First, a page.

The researchers then go on to state that it is “unnecessary” to empirically treat patients with fungal infections, such as CPA, for TB, citing that it is “ineffective” and harmful. When TB treatment does not seem to show any signs of alleviating infection, physicians frequently believe that the patient has drug-resistant TB, utilizing second- and third-line TB medications, note the researchers. This not only increases the economic burden on patients, it also leads to an increased risk of drug resistance.
Fungal asthma is defined by the researchers to be “asthma exacerbated by fungal sensitization, airways fungal colonization asthma, and/or allergic bronchopulmonary aspergillosis complicating asthma.”
The researchers recognize that chronic obstructive pulmonary disease (COPD) is most often treated with antibiotics; however, they advise against the “unnecessary” use of antibiotics in COPD patients “in the absence of purulent sputum and pulmonary infiltrates.” They cite a study out of Spain in which 1.3% of patients who were admitted to a hospital due to COPD were, in fact, later infected with aspergillosis. Of those patients, 65% died. Similarly, data from China reveal that 3.9% (≈462,000 patients of ≈11,858,000 total) of those hospitalized with COPD had aspergillosis, and 43% (≈200,000 patients of ≈462,000 total) died. Since these data rely on Aspergillus sputum cultures, these numbers “are probably underestimated,” according to the Rutgers researchers, adding that patients are not often treated for aspergillosis, but they do receive antibiotics unnecessarily.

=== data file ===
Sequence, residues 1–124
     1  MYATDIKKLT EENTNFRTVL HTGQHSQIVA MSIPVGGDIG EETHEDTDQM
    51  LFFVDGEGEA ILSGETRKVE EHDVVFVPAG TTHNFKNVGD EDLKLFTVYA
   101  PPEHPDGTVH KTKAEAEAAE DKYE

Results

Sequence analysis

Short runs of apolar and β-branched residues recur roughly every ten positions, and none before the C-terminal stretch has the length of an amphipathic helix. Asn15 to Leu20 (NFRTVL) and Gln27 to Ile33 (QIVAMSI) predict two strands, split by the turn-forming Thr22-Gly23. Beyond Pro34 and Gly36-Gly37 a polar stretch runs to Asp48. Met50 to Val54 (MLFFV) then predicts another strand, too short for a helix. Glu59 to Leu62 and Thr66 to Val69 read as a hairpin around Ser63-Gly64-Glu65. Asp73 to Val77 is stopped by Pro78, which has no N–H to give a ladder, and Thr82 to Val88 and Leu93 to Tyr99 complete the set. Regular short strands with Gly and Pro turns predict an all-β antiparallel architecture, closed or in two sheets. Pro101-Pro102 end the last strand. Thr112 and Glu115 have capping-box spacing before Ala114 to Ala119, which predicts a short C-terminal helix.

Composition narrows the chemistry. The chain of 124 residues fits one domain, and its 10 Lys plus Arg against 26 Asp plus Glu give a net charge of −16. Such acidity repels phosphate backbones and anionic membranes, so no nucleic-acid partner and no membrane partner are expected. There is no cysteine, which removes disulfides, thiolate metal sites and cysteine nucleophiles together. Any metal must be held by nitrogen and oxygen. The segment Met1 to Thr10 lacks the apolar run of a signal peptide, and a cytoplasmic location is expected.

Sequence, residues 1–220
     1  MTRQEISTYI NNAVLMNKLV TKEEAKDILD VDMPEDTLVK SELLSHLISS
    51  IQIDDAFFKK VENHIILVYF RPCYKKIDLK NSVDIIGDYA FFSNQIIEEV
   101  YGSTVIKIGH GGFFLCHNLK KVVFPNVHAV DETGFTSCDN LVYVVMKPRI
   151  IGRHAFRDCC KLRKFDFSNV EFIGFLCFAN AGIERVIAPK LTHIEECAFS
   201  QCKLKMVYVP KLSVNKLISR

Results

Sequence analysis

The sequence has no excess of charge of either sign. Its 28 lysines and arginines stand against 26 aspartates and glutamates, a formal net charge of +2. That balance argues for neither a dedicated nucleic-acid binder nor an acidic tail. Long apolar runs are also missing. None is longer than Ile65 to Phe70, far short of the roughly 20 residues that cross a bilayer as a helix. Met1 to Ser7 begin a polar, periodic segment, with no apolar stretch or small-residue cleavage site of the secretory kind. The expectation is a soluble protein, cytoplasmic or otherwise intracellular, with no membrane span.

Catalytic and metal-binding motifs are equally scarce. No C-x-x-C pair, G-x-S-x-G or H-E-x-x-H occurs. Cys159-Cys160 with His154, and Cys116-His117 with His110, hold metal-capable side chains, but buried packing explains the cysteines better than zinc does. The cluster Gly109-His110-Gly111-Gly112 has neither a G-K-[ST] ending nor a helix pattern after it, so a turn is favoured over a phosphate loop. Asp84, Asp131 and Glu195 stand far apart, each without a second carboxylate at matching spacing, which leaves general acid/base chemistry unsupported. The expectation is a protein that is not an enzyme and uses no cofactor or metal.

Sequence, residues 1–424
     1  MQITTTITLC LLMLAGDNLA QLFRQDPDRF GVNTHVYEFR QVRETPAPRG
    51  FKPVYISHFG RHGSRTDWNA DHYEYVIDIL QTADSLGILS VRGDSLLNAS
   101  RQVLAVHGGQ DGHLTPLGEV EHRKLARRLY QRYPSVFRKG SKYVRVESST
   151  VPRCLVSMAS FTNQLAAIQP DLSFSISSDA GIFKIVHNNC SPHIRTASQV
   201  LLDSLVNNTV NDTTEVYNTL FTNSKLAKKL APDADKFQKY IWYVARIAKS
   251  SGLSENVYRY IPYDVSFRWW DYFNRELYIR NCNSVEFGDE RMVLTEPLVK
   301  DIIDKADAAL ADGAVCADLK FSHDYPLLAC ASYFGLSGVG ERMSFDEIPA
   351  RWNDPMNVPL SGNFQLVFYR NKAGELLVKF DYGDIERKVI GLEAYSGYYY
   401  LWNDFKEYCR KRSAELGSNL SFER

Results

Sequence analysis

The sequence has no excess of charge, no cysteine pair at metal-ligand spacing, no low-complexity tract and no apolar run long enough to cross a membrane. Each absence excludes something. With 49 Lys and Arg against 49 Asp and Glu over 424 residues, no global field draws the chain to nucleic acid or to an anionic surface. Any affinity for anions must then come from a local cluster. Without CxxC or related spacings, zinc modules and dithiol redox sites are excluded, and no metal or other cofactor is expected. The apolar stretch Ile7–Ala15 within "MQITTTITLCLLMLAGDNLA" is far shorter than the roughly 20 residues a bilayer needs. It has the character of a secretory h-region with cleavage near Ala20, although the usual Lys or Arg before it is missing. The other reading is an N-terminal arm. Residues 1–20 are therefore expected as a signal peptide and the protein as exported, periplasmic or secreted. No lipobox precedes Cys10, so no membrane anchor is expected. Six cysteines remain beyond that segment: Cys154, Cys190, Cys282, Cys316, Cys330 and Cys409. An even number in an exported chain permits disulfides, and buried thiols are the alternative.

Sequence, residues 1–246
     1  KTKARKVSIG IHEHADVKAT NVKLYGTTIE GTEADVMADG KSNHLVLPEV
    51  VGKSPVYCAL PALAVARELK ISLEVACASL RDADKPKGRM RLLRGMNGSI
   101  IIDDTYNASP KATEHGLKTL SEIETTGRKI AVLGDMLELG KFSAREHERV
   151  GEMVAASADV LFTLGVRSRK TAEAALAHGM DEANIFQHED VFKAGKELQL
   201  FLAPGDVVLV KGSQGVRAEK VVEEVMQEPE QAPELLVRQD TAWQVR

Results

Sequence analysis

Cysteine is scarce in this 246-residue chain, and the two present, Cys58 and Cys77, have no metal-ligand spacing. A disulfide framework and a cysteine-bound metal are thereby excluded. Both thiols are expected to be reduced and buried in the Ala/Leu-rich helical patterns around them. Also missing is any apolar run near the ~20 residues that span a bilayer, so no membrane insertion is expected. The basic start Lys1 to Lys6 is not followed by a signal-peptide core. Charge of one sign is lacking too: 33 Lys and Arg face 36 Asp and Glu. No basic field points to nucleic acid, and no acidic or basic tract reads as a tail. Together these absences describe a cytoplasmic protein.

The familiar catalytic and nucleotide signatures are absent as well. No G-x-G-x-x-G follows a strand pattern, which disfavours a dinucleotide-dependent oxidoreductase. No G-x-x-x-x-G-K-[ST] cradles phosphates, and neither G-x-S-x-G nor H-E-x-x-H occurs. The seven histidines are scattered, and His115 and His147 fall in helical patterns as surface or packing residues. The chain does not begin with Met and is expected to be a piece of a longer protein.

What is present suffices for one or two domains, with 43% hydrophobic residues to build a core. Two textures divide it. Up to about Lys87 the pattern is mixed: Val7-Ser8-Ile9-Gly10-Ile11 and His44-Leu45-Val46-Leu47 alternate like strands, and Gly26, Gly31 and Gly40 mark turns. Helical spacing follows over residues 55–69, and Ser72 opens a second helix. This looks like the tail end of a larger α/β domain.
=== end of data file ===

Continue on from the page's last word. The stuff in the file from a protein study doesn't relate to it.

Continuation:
Fungal asthma is frequently misdiagnosed as COPD. The researchers believe that early diagnosis along with treatment using antifungal medications can substantially reduce the rate of hospitalization and misused antibiotics; furthermore, long-term therapy with antifungals has been successful in treating fungal exacerbations in 60%-80% of patients who have asthma.
The researchers recommend total and fungal-specific IgE testing to properly diagnose fungal asthma. Furthermore, although not many studies have investigated how fungus can affect precipitating exacerbations of COPD, they believe that chronic and invasive aspergillosis can be diagnosed using either culture, antigen, or Aspergillus spp. IgG testing.
The researchers attribute the steadily increasing misuse of antibiotics among patients with asthma and COPD who are also infected with Aspergillus spp. to failure to properly diagnose these patients. They conclude, “Recognition of fungal infection and allergy and treatment with directed antifungal therapy would greatly reduce exacerbations, medical consultations, and hospital admissions.”
The authors recognize that there are multiple other clinical scenarios where proper timely diagnosis of fungal infections can not only reduce the economic burden of these infections, but can also improve antimicrobial prescribing and reduce the rate of drug resistance. Ultimately, they believe that nonculture fungal diagnostic tools can increase the rates of identifying fungal infections. They concluded that, “the lack of availability and underuse of nonculture fungal diagnostics results in overprescribing, prescription of unduly long courses of antibacterial agents, and excess empirical use of antifungal agents and leaves many millions of patients with undiagnosed fungal infections.”
Read Part 1 of this article here.